Iran will not send woman who faced stoning on adultery conviction to asylum in Brazil

TEHRAN, Iran (AP) — Iran will not send a woman who had faced death by stoning on an adultery conviction to Brazil, which has offered her asylum, the president said in a TV interview broadcast Monday.

The stoning sentence for Sakineh Mohammadi Ashtiani, a 43-year-old mother of two, has been lifted for now after it prompted an outcry from the United States and other governments as well as rights groups. Brazil, which has friendly relations with Iran, offered her asylum.

President Mahmoud Ahmadinejad told state-run English-language Press TV he did not think there was a need to send her to Brazil and that he hoped the issue "will be solved," without explaining.

"There is a judge at the end of the day and the judges are independent. But I talked with the head of the judiciary and the judiciary also does not agree" with Brazil's proposal, Ahmadinejad said. "I think there is no need to create some trouble for President Lula and take her to Brazil," he added, referring to Brazilian President Luiz Inacio Lula da Silva.

The office of Brazil's president and its Foreign Ministry had no immediate comment on Ahmadinejad's remarks.

Though Iran has lifted the stoning sentence, it is now accusing the woman of playing a role in her husband's 2005 murder. She could still be hanged.

Last week, Iranian state television broadcast a purported confession in which a woman identified as Ashtiani says she was an unwitting accomplice in her husband's murder. Her lawyer says he suspects she was tortured into making the statement, but he has not been allowed to meet with her since the broadcast to confirm that.

Human Rights Watch has said Ashtiani was first convicted in 2006 of having an "illicit relationship" with two men after the death of her husband and was sentenced by a court to 99 lashes. Later that year, she was also convicted of adultery and sentenced to be stoned to death, even though she retracted a confession that she claims was made under duress.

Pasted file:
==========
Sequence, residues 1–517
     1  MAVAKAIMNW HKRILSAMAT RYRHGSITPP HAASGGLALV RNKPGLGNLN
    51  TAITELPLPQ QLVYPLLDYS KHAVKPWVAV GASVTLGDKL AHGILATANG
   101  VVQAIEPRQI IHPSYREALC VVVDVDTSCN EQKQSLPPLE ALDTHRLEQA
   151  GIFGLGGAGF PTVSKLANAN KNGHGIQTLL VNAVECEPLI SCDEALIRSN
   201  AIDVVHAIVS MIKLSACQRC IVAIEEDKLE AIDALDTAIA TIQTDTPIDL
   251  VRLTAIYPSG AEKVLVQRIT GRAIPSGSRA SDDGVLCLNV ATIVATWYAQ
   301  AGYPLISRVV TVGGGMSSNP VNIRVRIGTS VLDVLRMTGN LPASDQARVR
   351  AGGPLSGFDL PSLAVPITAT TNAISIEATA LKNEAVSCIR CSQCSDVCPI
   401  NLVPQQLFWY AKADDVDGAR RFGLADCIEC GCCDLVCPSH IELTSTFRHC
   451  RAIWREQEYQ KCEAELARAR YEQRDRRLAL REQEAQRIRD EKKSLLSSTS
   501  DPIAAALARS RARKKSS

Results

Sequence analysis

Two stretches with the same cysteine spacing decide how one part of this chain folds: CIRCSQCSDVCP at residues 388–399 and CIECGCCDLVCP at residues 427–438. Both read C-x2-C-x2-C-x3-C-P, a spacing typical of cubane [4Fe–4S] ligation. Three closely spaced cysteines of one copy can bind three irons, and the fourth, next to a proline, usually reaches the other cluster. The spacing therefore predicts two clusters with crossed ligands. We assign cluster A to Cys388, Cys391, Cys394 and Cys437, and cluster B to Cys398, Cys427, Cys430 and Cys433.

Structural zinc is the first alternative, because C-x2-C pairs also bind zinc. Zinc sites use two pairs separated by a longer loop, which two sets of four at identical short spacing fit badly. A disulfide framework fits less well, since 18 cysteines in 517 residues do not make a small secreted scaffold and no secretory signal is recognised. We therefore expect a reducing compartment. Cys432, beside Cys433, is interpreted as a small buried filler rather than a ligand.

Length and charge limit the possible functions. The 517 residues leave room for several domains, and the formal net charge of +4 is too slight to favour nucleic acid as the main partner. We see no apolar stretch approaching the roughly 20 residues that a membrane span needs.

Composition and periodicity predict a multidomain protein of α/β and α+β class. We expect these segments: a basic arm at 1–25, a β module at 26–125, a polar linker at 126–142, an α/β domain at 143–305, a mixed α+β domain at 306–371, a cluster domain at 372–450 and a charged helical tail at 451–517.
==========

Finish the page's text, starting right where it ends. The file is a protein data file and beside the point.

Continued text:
Iran lifted that sentence last month, but now says she has been convicted of involvement in her husband's killing.

Her lawyer, Javid Houtan Kian, denied she has ever been charged with murder or brought to trial over the killing.

Iran's Embassy in Brazil sought to explain the rejection of the asylum proposal in a statement addressed to the Brazilian public.

"If the granting of exile for criminals and murderers became a habit for nations, would this not affect the role of the legal systems of these nations?" the statement said.

Stoning was widely imposed in the years after the 1979 Islamic revolution, and even though Iran's judiciary still regularly hands down such sentences, they are often converted to other punishments.

The last known stoning was carried out in 2007, although the government rarely confirms that such punishments have been meted out.

Under Islamic rulings, a man is usually buried up to his waist, while a woman is buried up to her chest with her hands also buried. Those carrying out the verdict then throw stones until the condemned dies.